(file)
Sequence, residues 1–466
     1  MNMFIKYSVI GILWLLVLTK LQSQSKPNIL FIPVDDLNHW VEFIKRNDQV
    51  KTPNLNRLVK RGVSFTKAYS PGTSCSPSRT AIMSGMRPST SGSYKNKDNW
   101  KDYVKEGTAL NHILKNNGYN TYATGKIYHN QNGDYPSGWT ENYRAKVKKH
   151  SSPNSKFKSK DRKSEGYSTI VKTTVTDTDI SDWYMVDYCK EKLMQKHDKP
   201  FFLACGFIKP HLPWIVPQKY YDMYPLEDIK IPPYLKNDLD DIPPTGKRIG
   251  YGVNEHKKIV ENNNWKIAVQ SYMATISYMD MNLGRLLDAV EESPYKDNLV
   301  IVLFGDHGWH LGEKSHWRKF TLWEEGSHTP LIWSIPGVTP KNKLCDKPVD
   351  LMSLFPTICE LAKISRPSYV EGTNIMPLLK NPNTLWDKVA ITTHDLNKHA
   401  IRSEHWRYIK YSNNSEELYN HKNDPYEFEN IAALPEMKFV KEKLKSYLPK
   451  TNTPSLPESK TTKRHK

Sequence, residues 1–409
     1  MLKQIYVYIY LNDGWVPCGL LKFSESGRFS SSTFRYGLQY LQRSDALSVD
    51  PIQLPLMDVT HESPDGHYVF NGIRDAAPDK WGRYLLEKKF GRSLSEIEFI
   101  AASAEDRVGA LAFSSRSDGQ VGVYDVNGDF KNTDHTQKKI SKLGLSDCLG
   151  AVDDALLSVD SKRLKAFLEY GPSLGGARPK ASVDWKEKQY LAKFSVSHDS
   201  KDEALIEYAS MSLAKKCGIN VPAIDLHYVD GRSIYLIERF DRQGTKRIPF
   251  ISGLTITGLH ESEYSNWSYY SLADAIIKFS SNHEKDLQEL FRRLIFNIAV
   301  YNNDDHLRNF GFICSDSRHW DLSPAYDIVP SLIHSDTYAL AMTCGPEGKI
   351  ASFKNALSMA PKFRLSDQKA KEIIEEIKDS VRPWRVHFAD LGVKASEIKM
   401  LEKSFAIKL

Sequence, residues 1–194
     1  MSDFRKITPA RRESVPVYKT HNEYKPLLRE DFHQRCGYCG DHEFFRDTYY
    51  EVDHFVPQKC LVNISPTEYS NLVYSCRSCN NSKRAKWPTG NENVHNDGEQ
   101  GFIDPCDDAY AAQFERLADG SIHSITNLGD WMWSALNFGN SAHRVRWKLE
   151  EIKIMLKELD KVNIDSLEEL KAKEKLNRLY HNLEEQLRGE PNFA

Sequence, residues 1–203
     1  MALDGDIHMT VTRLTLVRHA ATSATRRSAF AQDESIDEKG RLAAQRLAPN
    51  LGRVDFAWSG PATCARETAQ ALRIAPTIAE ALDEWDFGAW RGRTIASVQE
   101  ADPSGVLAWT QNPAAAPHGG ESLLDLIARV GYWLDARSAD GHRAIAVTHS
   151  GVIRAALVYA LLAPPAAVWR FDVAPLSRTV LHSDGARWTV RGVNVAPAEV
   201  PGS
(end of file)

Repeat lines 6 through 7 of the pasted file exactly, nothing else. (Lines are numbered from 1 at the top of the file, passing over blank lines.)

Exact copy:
   201  FFLACGFIKP HLPWIVPQKY YDMYPLEDIK IPPYLKNDLD DIPPTGKRIG
   251  YGVNEHKKIV ENNNWKIAVQ SYMATISYMD MNLGRLLDAV EESPYKDNLV